Jesus is waiting for His bride to get ready for His return.  At the moment, emotionally, I believe she is almost at the point of the ‘run-away bride’, ready to desert the groom at the altar.  Her level of commitment is only to an adapted gospel, and to an imagined life partner. Her trust is in worldly things, things she is familiar with. She hasn’t even picked out her wedding dress, in fact she’s still hasn’t decided which engagement ring she wants. She’s not sure what effect the marriage will have on her personal freedoms. And she is in it, mostly for what she can get out of it.


All of us must never let go of the essential central pillar of our Christian walk: God is sovereign in everything. The Bible is His message to His creation, cover to cover. We are saved by grace, and not by anything other than His grace. We contribute nothing and we are by nature incapable of earning a place in His kingdom.  No multitude of good deeds will qualify us for salvation. Even our faith, the ability to believe, is planted inside us by Him and eventually perfected by Him.  He chose us before He laid the foundation of this world and predestined us to be part of His eternal bride. Even the critical choice we make to follow Him is ultimately empowered by Him, granting us, by His grace, the wherewithal to make that decision.  Christ will build His Church, and nothing we do or don’t do will prevent it from happening.  Difficult as it is for the human intellect to come to terms with these concepts, they are absolute and immutable Truth.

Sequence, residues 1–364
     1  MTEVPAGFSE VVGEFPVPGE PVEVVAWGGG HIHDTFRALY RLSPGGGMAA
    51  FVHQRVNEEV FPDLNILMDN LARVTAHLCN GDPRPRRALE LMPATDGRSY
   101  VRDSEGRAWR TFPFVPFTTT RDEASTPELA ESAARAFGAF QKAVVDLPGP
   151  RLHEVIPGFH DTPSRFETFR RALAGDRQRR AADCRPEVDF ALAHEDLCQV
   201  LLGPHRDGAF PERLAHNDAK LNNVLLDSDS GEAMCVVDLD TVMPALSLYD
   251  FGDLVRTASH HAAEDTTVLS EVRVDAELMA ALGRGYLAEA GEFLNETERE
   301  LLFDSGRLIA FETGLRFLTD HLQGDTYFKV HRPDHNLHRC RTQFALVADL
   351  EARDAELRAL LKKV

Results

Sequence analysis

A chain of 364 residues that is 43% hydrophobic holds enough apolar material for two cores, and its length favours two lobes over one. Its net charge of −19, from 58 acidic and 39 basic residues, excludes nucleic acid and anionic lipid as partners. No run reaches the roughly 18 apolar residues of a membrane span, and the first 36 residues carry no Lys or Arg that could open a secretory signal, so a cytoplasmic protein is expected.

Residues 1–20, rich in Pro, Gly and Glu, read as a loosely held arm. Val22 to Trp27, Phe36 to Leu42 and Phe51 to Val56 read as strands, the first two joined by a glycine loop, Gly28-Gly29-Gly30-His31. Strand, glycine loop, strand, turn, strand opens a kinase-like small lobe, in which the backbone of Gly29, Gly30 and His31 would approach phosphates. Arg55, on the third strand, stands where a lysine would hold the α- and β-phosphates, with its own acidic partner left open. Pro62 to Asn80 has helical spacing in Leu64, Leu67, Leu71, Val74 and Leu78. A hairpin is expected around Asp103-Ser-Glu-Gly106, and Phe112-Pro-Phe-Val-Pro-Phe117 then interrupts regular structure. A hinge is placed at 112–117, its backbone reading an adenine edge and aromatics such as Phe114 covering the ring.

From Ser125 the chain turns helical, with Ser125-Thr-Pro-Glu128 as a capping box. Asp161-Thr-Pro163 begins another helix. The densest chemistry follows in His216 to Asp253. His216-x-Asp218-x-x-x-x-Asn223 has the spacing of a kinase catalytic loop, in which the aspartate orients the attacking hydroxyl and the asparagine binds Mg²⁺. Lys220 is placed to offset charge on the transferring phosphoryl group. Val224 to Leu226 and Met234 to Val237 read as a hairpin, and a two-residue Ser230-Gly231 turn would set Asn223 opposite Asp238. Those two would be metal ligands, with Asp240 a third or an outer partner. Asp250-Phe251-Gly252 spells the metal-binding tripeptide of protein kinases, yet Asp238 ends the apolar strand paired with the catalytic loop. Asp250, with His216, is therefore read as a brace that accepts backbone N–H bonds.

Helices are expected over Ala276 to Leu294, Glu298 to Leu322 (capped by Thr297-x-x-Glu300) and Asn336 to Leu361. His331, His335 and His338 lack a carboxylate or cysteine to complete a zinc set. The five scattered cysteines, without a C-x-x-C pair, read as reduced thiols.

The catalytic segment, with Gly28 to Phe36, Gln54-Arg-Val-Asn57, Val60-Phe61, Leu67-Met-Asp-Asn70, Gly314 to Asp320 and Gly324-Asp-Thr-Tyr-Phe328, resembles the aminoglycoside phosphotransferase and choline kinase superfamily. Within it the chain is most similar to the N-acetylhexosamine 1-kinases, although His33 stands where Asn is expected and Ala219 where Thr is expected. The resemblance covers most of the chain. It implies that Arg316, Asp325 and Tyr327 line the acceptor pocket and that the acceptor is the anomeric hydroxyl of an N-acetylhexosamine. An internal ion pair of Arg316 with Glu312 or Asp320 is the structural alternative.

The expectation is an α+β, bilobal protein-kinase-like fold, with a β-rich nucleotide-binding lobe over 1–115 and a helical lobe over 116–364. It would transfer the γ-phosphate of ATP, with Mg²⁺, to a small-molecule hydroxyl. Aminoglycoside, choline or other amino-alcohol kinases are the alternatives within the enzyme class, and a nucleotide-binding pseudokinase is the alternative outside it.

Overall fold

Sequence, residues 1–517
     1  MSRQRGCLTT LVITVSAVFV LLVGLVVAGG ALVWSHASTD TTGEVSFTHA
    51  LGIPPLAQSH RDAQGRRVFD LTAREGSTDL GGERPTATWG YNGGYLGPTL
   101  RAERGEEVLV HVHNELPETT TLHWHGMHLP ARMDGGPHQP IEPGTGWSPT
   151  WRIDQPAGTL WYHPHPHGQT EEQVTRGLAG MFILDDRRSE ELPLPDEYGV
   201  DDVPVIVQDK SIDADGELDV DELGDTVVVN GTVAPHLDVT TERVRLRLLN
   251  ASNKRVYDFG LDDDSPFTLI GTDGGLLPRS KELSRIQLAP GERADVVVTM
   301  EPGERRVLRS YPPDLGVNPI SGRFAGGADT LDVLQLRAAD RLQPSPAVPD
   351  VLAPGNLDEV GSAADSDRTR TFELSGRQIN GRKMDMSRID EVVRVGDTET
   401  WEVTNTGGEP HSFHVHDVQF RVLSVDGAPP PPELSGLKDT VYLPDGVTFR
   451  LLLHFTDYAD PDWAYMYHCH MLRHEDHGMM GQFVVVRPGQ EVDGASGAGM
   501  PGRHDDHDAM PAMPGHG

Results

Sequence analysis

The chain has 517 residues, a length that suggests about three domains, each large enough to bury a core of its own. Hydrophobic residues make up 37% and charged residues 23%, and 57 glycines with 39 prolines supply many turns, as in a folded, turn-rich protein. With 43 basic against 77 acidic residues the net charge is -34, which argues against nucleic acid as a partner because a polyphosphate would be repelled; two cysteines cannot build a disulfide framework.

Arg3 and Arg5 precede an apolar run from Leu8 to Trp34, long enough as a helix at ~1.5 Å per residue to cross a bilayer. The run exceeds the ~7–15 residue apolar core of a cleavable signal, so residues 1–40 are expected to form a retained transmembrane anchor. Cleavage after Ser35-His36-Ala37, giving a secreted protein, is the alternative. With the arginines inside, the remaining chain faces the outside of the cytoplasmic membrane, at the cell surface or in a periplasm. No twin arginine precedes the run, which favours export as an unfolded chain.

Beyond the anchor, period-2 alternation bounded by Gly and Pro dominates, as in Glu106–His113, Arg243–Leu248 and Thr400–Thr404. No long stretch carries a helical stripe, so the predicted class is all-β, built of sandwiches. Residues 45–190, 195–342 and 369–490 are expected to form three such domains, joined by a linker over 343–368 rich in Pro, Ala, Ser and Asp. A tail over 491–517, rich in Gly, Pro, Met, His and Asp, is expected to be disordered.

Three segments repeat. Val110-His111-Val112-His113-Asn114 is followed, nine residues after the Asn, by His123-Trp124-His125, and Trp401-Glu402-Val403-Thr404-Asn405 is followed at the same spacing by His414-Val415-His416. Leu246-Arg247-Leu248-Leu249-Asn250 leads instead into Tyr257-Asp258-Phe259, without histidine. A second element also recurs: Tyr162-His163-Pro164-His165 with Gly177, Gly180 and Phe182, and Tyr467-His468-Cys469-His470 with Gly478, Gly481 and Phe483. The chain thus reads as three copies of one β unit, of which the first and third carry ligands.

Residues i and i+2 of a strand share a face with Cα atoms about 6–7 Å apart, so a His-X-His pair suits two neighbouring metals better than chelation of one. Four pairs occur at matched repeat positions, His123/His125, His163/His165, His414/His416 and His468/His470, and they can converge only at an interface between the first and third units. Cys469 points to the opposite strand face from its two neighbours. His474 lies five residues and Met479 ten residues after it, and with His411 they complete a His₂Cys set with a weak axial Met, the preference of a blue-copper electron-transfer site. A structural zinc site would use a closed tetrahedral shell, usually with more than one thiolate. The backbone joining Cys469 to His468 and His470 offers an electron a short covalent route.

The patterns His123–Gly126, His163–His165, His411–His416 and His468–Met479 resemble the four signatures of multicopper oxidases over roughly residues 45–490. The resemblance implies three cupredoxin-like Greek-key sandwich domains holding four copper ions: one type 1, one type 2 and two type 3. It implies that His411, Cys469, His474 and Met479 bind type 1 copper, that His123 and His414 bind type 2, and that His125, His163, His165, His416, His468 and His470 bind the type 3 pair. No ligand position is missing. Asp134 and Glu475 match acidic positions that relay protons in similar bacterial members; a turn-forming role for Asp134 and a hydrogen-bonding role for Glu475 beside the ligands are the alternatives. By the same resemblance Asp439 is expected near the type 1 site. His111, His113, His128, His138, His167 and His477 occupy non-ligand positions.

But I feel I have said enough for the time being.  At least I have made a jolly good try at expressing what is in my heart. I have reviewed all my essays to date and consolidated them into a book in Acrobat Reader format (1.2 Mb). I have also taken steps to produce a professionally printed version.  To down load a copy of the digital free version,